They are flexible and adaptable.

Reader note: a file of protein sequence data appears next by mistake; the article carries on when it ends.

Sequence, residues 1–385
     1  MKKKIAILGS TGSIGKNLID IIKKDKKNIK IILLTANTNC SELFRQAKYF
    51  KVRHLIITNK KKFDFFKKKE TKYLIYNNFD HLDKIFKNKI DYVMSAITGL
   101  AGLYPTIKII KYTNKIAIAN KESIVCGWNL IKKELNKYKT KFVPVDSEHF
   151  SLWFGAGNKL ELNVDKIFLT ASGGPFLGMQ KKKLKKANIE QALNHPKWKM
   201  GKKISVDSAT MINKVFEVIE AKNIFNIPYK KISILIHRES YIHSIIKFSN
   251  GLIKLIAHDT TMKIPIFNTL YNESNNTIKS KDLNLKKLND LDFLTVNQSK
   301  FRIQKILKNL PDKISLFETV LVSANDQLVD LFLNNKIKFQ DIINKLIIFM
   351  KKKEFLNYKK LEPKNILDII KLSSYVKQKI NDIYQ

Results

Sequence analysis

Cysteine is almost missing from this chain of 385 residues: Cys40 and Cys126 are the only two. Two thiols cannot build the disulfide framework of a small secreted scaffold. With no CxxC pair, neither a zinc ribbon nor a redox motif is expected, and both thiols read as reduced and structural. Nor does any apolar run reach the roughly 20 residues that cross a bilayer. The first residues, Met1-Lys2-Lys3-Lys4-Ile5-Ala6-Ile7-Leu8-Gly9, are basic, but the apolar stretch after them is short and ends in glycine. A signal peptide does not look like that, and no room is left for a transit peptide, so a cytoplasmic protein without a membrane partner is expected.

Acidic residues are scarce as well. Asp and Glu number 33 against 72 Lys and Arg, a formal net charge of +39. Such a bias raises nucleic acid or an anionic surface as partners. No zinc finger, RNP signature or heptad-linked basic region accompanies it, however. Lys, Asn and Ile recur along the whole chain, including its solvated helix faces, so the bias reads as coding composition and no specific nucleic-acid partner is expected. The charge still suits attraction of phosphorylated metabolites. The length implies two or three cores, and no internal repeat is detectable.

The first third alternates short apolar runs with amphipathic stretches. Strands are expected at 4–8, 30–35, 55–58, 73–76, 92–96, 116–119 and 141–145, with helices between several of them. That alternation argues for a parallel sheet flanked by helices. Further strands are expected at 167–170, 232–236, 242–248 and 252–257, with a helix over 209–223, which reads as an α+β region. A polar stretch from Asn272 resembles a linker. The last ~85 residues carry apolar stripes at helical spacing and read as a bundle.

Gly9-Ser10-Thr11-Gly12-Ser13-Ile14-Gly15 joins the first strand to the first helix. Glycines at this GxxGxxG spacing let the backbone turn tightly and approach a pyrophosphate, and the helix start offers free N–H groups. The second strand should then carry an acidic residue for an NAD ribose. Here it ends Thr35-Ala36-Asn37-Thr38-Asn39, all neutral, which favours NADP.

It must seem ideal to HR folks to find an "exact" match for an open position, someone who's done exactly the same job somewhere else but for whatever reason wants to change jobs. Score! This person would hit the ground running. You'd have to invest very little in training. Why would you NOT choose this person over a post-academic? You'd have to be crazy, right? Wrong. As great as it might seem at the outset, let's consider the long-term, a year or two or three or ten down the line. Do you want a robot who can only do EXACTLY the same thing over and over and over again? No! We all know policies and procedures change. We know that technology changes. We know upheaval in the ranks of the higher-ups means doing things differently for the plebes, and sooner or later, there's always a change at the top. Somebody who ONLY knows how to do EXACTLY the job you hire them for in the short-term will likely be much less able to roll with the punches. In fact, that may be why this person is looking for a new job in the first place. By contrast, your PhDs may require a little extra patience and training at the beginning but down the line they will be much more flexible and able to use that new software or write those documents in the new and improved way or figure out how to complete whatever new task or project it is you need them to. Why? Because their expertise isn't just in their subject knowledge. Their expertise is learning itself. Since the most important thing you learn in graduate school is how to learn, your post-academics are a major asset to a growing, thriving, evolving organization.